Still reeling from the EF5 tornado that struck Moore, Okla., on May 20, the residents of Oklahoma City awoke today to survey the damage from a second round of violent storms that left five people dead and injured dozens more.
Add that to the trail of devastation left by the May 20 super-tornado, which packed winds upwards of 200 miles an hour as it tore through Moore. The twister cut a 17-mile path of destruction, destroyed or damaged upward of 12,000 homes, and leveled two elementary schools. At least two dozen people were killed, including 10 children.
Perhaps the most startling statistic about the Moore tornado, though, is this: Neither of the elementary schools in question, nor many of the homes destroyed, had basements, nor any reinforced above-ground shelters to protect the people inside -- this despite the fact that the recent storm followed almost in the path of a 1999 tornado that struck the town.
It's actually not surprising that safe rooms were hardly to be found in Moore: According to the Associated Press, not a single state in the Union currently mandates the building of safe rooms in residential construction.
But why don't people build these things voluntarily? Well, look at it from the perspective that most affects you, the homeowner. According to the National Weather Service, tornadoes inflicted 45 fatalities in the U.S. in 2010. According to the CDC, 2,468,435 Americans died that year. That works out to about a 1-in-55,000 chance of dying in a tornado. In contrast, the National Safety Council says the odds of dying by slipping and breaking your neck in your bathtub are five times greater: 1 in 11,000.
Worth noting though: As with everything else in real estate, it's "location, location, location." According to the site AskTheOdds.com, Harold Brooks of the National Severe Storms Laboratory calculated that "someone living in Norman, Oklahoma, in the heart of tornado alley, has a 1 in 7,000 chance of being fatally injured as a result of a tornado."
Of course, the cost of buying some sticky pads for your tub to cut the risk of a slip is a whole lot less than anything you could do to reduce your risk of dying due to a twister.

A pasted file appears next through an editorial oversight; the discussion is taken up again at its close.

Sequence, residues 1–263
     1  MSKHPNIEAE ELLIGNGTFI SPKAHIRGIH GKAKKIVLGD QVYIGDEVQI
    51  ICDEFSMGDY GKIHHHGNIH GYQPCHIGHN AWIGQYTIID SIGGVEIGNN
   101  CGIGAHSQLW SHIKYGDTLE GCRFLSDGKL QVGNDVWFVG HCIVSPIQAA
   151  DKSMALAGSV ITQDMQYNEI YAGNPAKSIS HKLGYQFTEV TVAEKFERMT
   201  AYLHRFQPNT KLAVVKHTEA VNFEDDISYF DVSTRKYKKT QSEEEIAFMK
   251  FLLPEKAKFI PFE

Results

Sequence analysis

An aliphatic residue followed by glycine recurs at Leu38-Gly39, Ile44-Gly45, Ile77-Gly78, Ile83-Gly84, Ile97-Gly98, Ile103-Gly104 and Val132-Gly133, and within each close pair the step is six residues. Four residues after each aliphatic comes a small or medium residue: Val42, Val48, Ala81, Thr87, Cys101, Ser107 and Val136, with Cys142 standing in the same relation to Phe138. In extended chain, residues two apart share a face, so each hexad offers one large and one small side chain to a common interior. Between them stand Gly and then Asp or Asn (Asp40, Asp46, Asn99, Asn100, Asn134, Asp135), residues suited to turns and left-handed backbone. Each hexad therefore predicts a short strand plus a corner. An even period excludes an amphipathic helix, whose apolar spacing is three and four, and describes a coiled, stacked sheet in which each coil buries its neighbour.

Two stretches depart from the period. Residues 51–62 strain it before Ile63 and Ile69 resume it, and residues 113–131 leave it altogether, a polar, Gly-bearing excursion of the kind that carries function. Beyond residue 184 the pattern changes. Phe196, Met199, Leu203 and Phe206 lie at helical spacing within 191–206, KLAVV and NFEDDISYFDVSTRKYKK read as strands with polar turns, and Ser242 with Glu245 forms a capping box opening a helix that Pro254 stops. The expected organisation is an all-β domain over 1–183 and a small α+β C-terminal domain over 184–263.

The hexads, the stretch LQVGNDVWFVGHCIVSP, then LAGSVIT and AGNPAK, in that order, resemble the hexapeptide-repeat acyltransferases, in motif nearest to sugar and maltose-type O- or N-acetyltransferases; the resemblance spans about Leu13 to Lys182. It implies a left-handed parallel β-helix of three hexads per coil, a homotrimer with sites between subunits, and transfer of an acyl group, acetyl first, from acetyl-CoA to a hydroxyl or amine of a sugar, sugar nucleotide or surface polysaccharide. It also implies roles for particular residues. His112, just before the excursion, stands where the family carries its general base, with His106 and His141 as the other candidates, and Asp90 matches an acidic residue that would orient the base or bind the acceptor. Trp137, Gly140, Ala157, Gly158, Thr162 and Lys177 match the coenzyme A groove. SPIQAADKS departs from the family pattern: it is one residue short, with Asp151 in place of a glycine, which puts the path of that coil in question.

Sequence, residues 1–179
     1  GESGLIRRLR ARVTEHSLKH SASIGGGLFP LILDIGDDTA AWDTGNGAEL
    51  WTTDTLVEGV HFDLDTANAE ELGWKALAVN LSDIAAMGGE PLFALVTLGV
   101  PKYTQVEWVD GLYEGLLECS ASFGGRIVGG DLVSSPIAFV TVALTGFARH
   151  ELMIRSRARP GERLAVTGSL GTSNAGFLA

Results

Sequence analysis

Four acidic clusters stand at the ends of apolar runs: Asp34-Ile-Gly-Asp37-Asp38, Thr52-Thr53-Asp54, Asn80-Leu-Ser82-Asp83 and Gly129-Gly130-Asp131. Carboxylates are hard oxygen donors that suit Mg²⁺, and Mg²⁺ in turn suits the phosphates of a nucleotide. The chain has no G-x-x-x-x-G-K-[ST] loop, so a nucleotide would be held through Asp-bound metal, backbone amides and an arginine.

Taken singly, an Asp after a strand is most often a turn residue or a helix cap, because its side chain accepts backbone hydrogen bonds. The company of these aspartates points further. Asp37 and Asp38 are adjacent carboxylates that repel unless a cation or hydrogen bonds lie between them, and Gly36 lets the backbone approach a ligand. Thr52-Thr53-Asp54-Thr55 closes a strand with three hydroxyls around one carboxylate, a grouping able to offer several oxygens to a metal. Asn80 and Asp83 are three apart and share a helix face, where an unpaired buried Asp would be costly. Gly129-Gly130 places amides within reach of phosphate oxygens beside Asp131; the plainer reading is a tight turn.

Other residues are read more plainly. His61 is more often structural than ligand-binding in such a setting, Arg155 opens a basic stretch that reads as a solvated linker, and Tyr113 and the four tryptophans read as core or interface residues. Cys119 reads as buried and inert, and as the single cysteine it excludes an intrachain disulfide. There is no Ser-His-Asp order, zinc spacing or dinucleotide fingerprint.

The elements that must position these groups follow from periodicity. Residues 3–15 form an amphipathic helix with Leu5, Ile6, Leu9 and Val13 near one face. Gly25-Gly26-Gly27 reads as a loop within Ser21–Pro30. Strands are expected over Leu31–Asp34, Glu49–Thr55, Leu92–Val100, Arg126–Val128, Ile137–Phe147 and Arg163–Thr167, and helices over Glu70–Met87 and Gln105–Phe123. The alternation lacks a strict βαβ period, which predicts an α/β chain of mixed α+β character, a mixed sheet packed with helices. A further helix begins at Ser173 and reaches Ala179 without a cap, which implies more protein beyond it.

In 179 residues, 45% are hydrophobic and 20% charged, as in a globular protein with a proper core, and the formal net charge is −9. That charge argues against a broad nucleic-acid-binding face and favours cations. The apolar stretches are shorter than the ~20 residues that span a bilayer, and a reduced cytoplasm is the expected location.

The High Cost of Safety
According to Beazer Homes (BZH), the average cost of outfitting a medium-size house with a full unfinished basement can easily exceed $30,000. On a $270,000 house, that's more than 10 percent of the construction cost. (A partial basement doesn't cost much less, reducing total construction cost by just $3,000.)
Not to mention hundreds or even thousands of dollars for a sump pump to guard against flooding and a backup battery or permanent generator to run it in the event of a power outage.
In short, when most people weigh the costs and benefits of putting in a basement in areas where they aren't standard, versus the 1-in-55,000 likelihood that they'll ever actually need it for survival, the costs win the argument ... and no basement gets built.
A Lower-Budget Safety Option
There is a cheaper solution.
Responding to the unmet need for affordable tornado safety, some construction companies offer a product called a "safe room," or sometimes, a "safe storm shelter." Don't confuse these with Jodie Foster's luxurious, high-tech hideout from "Panic Room." A safe room is simply a reinforced-concrete or all-steel shelter that can be installed inside a house's garage and bolted to the concrete pad.
These safe rooms don't cost much more than a decent used car -- under $5,000 for a larger model capable of protecting a family of five. They're quite spartan. But for a family on a budget, they offer an affordable option for staying safe from the storm.
Motley Fool contributor Rich Smith actually does have a basement ... and a sump pump ... and a backup battery system. And he fully intends to get around to replacing those batteries someday.